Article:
# 6. Primality testing

```Primality-testing
There is an important problem in Number Theory:

How do we verify if a positive integer n is prime?
A “simple” way is to check whether n is divisible by some prime p  n , but it is practically
impossible if n is large (even if we have computer). Therefore, a more efficient way should be
found.
Fermat’s Little Theorem says that if p is prime then a p 1  1 (mod p) for all integers a with
p | a . We ask if the converse is also true. For simplicity, we start with the case a = 2.
Question.
If an odd integer n  1 satisfies 2n1  1 (mod n) , must n be a prime?
No! One has 2340  1 (mod 341) but 341  11 31 is not a prime.
This lead to the following definition:
Definition. A composite number n is said to be a 2-pseudoprime if 2n1  1 (mod n) .
More generally, let b  1 be integer, a composite number n is said to be b-pseudoprime if
bn1  1 (mod n) .
If there is no 2-pseudoprime then we have a simple way to test whether a positive integer is prime.
Unfortunately, 2-pseudoprime exists! The smallest one is 341.
We will hope there are only finitely many 2-pseudoprimes (then we still have a primality-test).
The following theorem discourage us:
Theorem.
If n is a 2-pseudoprime then m  2n  1 is also a 2-pseudoprime.
Proof. Clearly m is composite. We must show 2m1  1 (mod m) . Equivalently, we need to
show 2m1  1 is divisible by 2n  1 . It suffices to prove n | m  1 .
Since n is 2-pseudoprime, we have 2n1  1 (mod n) , therefore n | 2n  1 .
So, m  1  2n  2  2(2n1  1) which is divisible by n. This completes the proof.
Corollary.
There are infinitely many 2-pseudoprimes.
Exercise.
Show that the Mersenne numbers M p  2 p  1 (p is prime) and the Fermat
numbers Fn  22  1 ( n  0 ) are either prime or 2-pseudoprime.
n
When we have an integer n  1 in hand and want to know if it is prime, we first check if n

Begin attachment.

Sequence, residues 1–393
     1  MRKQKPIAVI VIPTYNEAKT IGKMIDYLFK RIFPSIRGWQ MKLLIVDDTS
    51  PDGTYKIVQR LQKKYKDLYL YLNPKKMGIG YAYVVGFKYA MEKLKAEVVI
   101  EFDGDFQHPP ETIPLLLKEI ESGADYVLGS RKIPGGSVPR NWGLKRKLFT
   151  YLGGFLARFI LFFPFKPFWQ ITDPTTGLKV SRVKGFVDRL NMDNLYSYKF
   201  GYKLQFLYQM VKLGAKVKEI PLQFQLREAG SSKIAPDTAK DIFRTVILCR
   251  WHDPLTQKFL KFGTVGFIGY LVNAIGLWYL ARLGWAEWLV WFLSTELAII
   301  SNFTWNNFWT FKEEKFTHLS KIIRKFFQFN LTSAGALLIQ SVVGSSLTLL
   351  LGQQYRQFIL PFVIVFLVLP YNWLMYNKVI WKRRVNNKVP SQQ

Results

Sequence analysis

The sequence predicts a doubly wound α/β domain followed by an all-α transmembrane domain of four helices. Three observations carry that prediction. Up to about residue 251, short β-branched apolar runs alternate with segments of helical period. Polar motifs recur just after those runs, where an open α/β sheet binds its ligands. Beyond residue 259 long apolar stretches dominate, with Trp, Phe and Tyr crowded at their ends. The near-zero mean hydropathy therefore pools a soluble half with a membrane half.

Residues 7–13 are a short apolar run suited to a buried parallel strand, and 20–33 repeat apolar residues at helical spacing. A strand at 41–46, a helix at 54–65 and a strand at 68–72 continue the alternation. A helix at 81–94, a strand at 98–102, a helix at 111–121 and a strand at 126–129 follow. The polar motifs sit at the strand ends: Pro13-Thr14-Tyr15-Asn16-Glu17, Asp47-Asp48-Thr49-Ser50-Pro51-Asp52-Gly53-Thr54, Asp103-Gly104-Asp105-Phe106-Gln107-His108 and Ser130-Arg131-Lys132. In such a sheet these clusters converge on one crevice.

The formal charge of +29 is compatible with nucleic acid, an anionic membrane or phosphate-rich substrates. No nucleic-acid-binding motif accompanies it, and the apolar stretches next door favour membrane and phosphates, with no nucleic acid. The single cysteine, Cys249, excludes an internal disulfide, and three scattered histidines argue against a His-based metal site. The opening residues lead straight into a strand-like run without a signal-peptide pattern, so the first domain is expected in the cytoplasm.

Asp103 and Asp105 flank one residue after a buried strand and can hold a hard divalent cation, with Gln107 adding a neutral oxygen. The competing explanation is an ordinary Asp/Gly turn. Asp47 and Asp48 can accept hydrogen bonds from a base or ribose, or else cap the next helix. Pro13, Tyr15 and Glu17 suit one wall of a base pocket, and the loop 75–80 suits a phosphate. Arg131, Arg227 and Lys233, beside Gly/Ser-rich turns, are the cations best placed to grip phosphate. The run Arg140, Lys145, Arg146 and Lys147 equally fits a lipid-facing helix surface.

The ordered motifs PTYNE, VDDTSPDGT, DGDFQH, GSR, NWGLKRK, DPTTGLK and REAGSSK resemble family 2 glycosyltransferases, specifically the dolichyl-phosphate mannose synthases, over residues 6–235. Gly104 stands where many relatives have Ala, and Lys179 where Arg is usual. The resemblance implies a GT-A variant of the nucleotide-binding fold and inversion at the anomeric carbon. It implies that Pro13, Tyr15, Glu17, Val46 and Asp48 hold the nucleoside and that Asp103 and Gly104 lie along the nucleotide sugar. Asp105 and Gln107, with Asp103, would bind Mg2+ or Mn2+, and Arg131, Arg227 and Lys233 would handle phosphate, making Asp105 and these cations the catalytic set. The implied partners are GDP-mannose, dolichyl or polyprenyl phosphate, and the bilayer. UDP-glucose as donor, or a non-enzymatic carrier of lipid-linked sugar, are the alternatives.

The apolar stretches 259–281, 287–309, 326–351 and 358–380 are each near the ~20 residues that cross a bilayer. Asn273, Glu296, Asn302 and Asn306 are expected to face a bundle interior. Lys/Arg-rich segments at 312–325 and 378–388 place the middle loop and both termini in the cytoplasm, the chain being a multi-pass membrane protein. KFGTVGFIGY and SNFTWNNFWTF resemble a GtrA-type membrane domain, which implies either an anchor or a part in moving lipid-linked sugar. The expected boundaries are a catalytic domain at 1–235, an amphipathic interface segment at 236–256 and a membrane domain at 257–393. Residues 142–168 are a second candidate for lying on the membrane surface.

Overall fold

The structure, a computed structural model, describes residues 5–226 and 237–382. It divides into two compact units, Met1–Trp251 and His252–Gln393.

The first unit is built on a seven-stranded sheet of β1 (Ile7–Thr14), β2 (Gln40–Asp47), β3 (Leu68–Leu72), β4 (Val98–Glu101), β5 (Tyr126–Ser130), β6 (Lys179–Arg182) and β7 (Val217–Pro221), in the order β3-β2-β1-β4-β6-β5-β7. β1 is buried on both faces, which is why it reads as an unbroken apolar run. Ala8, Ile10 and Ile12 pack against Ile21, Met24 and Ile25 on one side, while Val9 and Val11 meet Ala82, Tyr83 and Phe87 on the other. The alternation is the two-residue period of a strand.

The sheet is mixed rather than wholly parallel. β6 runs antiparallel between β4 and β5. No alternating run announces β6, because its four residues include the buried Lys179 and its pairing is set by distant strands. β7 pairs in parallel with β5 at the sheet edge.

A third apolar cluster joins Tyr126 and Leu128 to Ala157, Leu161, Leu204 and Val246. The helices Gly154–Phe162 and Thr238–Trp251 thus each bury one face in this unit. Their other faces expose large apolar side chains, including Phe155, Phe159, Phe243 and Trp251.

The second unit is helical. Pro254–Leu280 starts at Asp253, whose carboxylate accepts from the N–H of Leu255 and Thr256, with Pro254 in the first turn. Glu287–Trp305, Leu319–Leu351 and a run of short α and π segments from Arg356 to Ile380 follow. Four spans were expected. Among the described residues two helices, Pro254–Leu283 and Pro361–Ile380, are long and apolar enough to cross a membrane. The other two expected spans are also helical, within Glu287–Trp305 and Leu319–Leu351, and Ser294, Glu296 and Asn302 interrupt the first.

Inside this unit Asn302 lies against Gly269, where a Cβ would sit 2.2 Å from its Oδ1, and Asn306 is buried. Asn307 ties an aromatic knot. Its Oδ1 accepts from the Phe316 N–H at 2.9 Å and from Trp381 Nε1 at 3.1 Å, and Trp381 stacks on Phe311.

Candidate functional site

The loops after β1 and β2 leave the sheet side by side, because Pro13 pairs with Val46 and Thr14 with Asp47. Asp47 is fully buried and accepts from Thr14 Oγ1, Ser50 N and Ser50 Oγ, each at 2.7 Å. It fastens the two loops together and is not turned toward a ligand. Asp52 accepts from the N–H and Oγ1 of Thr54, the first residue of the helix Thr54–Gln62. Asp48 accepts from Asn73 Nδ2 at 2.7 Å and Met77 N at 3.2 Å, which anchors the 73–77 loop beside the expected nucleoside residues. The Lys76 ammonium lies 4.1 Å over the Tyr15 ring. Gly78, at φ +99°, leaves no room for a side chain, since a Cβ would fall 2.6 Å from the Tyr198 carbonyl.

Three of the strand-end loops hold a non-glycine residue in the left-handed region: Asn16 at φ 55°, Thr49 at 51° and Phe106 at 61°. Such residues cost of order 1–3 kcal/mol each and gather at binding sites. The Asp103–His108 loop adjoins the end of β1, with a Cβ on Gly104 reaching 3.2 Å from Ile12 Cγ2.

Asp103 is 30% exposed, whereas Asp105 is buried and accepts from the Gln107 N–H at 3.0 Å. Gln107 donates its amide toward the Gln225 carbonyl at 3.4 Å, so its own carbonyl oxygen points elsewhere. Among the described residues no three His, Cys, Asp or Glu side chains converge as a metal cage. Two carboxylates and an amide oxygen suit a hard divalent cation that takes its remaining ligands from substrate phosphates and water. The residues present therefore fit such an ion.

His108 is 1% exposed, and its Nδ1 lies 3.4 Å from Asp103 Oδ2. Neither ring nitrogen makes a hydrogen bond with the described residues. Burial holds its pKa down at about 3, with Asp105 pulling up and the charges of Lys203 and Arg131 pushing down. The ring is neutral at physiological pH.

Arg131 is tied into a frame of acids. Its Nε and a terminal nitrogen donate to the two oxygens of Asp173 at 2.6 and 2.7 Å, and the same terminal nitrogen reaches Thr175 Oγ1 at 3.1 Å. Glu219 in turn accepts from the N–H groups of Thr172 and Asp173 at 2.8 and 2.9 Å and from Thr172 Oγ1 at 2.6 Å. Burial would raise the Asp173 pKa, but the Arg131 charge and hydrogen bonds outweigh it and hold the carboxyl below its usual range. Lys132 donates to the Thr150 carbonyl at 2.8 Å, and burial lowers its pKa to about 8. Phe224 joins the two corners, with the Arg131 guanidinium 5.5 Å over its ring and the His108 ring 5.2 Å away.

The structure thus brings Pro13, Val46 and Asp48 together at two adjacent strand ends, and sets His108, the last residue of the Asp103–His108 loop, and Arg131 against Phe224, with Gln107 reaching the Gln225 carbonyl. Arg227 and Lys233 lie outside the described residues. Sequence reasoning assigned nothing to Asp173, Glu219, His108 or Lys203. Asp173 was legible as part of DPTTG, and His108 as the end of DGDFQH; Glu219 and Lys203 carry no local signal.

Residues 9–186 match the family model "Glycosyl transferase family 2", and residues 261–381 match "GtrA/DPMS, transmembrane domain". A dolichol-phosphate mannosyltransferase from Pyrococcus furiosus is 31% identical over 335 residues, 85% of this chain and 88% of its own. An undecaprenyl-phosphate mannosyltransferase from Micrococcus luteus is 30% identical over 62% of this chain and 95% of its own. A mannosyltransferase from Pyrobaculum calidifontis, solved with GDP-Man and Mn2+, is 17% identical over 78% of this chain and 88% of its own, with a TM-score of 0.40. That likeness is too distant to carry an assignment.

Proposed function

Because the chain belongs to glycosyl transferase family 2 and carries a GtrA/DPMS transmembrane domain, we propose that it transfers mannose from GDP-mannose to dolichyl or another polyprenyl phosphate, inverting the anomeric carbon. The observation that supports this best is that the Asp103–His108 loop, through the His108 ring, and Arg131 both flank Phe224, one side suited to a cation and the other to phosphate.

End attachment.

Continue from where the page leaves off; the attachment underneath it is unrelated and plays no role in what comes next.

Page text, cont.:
satisfies 2n  2 (mod n) . If n fails, then we conclude that n is composite. However, if n passes,
then we make no conclusion and need to go on trying the 3-test, 5-test, ... etc.
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Note that if n passes both a-test and b-test then n passes ab-test as well. This explains why we
only use p-test where p is prime.
It can be prove that there are infinitely many b-pseudoprimes for each integer b  1. We then ask:
Question.
Are there finitely many primes pi ’s making
S pi   ? Here S pi denotes the
set of all integers n  1 satisfying pi  pi (mod n) .
n
Note that if the answer is yes, then an integer n  1 is prime if and only if n passes pi -test for
each index i (that means, pi  pi (mod n) for each i). Again, we are disappointed!
n
No! One has b561  b (mod 561) for all integers b  1.
A composite number with this property is called Carmichael number. The smallest Carmichael
number is 561. It was prove in 1992 by Alford, Granville and Pomerance that there are infinitely
many Carmichael numbers.
Exercise.
Suppose n is product of distinct primes. If p  1| n  1 for each prime p divides n,
then n is either a prime or a Carmichael number.
Exercise.
Let b  1 be integer and p a prime not dividing b(b2  1) . Prove that n 
b2 p  1
b2  1
is a b-pseudoprime. (As a result, there are infinitely many b-pseudoprimes!)
Miller’s test. Suppose n  1 is odd and b is a positive integer coprime with n. Assume also that
bn1  1 (mod n) . (Otherwise, n must be composite and we have nothing to do.)
We write n  1  2 s t , where s 
s1
If b2
s1
If b2
and t is odd.
t
 1, 1(mod n) , then n must be composite.
t
 1(mod n) , we can go on to calculate b2
s2
t
(mod n) . In this test, we make no
conclusion only when b2 t  1(mod n) for some 0  k  s or bt  1 (mod n) .
k
More precisely, we say that n passes the Miller’s test if
k
(1) b2 t  1(mod n) for some 0  k  s , OR
(2) bt  1 (mod n) .
If n fails the Miller’s test, then n must be composite. If n passes the test, we make no conclusion.
Exercise.
Show that any prime p passes the Miller’s test.
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